David Holdsworth, B.Sc. (Waterloo), M.Sc. (McMaster), Ph.D. (Western Ontario)
Dr. Holdsworth conducts research into aspects of environmental theory, including environmental professional practice, environmental ethics, and non-standard approaches to ecology. Much of the work is influenced by contemporary political philosophy, including both French and German theory. Recent publications on interdisciplinary (such as “Becoming Interdisciplinary: Making Sense out of Delanda’s reading of Deleuze”, Paragraph, 2006) reflect this influence, as well as conference contributions (e.g. “Regulating Professional Practice in Canada: Misguided Steps away from Reflexive Modernity”, Venice, 2000). The perspective of political economy on environmental regulation, and environmental policy as science policy are themes of other recent publications (“Transformational Economics and the Public Good”, Springer, 1984; and “Science, Politics and Science Policy in Canada: Steps towards a Renewed Critical Inquiry”, Journal of Canadian Studies, 2003). Recent projects in environmental science and sustainability (reported at Deleuze Studies Conferences) include “Nomad Science and the Future of the State:  On Becoming Ecological,” (Cardiff, 2008) and  “Through Deleuze to Sustainability: Steps towards a Normative Realism” (Copenhagen, 2011). David is the Director of the Centre for the Study of Theory, Culture and Politics.  Please visit his website for contact information.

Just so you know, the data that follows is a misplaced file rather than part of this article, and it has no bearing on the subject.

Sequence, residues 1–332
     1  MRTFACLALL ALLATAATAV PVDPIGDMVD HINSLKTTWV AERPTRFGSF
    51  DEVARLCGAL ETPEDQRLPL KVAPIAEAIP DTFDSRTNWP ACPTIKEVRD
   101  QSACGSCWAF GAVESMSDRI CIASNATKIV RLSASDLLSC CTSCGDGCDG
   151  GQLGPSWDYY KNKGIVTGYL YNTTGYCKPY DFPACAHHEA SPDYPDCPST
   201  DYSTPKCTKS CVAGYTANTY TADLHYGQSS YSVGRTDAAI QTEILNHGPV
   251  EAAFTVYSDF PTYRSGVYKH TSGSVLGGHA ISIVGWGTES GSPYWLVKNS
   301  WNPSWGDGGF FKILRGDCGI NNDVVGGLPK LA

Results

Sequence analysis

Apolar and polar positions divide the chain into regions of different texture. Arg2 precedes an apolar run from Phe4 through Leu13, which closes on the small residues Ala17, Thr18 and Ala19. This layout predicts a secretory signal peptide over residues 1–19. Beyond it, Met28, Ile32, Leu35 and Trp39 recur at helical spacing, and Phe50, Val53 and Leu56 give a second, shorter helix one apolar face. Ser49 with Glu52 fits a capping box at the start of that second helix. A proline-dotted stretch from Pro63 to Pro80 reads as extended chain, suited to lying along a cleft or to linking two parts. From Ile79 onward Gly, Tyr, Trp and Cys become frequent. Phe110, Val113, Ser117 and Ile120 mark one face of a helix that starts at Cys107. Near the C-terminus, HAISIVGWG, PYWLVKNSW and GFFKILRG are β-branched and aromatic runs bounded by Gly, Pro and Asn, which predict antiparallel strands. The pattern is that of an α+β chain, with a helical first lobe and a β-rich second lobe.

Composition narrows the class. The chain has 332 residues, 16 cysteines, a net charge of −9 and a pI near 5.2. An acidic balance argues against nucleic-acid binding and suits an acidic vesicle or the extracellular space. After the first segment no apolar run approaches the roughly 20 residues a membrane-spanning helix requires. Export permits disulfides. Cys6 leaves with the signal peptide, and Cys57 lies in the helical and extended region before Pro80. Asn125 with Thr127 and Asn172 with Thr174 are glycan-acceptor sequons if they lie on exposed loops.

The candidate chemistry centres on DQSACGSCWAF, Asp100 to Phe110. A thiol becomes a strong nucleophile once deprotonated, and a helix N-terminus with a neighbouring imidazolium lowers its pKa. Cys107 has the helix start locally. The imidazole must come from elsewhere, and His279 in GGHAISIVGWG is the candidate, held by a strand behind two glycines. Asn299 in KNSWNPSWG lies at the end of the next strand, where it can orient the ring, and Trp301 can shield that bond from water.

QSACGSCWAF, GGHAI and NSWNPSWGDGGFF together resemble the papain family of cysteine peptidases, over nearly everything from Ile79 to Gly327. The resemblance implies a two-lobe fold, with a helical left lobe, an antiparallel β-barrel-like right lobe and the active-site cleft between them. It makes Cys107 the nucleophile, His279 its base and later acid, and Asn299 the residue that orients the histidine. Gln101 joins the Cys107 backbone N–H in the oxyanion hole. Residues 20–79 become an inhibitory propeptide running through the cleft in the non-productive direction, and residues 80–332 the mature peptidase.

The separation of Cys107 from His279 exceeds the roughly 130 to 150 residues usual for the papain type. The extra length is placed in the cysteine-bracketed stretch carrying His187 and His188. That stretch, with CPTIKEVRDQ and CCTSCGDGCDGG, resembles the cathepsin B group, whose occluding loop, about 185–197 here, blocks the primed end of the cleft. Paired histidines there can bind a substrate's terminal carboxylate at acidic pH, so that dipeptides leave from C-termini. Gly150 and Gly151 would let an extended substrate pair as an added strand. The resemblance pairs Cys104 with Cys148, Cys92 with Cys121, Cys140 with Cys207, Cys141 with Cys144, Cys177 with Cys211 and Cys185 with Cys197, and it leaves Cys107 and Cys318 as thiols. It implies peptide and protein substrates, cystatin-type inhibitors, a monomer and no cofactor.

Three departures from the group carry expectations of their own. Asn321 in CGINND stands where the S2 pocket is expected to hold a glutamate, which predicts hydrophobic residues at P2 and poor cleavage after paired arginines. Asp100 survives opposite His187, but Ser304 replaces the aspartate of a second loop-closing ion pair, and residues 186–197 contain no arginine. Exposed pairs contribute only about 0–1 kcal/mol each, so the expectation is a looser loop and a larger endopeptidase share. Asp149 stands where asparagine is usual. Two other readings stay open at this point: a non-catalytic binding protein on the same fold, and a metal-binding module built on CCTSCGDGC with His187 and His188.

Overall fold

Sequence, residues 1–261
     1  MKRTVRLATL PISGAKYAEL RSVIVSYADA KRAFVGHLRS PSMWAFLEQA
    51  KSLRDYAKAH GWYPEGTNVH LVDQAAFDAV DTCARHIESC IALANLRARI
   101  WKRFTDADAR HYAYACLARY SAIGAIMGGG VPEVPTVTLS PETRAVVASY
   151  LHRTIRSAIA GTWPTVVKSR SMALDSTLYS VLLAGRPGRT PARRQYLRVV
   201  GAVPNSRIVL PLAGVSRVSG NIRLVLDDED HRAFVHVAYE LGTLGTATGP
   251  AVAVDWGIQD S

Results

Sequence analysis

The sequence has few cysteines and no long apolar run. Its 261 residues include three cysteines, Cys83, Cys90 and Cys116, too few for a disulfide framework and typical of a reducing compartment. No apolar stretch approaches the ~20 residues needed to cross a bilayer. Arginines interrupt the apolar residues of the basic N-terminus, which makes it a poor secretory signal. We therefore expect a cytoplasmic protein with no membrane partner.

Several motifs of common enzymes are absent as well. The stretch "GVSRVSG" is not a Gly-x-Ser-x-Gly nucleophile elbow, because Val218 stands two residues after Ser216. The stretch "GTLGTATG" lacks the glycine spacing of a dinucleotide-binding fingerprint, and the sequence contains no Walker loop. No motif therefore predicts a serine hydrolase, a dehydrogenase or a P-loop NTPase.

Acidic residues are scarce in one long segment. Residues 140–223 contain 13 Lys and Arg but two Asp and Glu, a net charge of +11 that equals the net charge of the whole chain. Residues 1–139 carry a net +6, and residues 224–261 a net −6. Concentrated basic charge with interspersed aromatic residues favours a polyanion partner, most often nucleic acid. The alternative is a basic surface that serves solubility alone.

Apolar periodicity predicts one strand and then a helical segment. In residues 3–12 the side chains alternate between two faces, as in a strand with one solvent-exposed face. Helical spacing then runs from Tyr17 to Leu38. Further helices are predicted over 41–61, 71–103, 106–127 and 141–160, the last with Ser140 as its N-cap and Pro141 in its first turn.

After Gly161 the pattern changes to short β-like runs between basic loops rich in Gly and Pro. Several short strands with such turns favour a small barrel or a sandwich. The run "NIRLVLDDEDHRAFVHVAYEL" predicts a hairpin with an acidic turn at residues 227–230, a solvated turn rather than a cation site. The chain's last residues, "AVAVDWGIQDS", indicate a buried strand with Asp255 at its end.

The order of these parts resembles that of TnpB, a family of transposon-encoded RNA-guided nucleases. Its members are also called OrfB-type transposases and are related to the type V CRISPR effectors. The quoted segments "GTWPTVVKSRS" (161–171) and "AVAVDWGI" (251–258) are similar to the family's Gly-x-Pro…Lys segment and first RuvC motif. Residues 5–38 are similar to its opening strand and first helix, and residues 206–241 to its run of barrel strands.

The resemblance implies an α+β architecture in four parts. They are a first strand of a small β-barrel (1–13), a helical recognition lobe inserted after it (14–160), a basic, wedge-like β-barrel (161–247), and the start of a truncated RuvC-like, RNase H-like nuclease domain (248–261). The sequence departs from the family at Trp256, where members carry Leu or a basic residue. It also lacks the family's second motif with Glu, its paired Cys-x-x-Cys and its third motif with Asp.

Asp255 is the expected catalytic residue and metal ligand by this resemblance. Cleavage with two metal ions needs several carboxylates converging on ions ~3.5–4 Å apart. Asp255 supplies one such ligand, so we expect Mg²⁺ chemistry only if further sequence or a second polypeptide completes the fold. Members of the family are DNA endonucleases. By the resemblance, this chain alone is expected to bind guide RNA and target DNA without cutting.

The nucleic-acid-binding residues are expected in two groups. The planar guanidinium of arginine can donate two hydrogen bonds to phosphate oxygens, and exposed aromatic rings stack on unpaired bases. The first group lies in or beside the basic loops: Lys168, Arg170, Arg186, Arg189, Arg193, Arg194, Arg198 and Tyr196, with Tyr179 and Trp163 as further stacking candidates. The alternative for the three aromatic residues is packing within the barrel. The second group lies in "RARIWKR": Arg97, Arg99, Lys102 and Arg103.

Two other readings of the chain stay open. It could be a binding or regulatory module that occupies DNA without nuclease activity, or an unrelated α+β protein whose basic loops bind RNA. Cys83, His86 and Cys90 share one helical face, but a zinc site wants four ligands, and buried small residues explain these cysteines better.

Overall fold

T. Hutchison, (Emeritus), B.Sc. (Manchester), Ph.D. (Sheffield), F.R.S.C.
Please visit his website for contact information.

Chris Metcalfe, B.Sc. (Manitoba), M.Sc. (New Brunswick), Ph.D. (McMaster)

Dr. Metcalfe's research is in the area of aquatic organic containments.

Robert Paehlke, (Emeritus), B.A. (Lehigh), M.A. (New School for Social Research), Ph.D. (British Columbia)
Dr. Paehlke is a political scientist and Professor Emeritus of Environmental and Resource Studies at Trent. He is a founding editor (1971) of the Canadian journal/magazine Alternatives: Canadian Environmental Ideas & Action. He is the author of: Some Like It Cold: the Politics of Climate Change in Canada (2008); Democracy’s Dilemma: Environment, Social Equity and the Global Economy (MIT Press, 2004), a book on sustainability in a global age; and Environmentalism and the Future of Progressive Politics (Yale UP, 1991). He has edited Conservation and Environmentalism: an Encyclopedia (1995) and Managing Leviathan: Environmental Politics and the Administrative State (1990 and 2005). He has published more than a hundred articles and chapters on environmental policy, the history of environmentalism, sustainability and climate change.

Stephanie Rutherford, B.A. (University of Toronto), M.Sc. (University of Guelph), Ph.D. (York University)

Dr. Rutherford's research is in the areas of political ecology, environmental justice and animal studies.

Eric Sager, B.Sc. (Lawrence), M.Sc., Ph.D. (Trent)

Dr. Sager's research is in the areas of climate change, pollution, and forest and lake ecosystems.

M. Sharifi, B.Sc., M.Sc., Ph.D. (Isfahan University of Technology)

Dr. Sharifi's research is in the areas of sustainable agriculture, and nutrient management.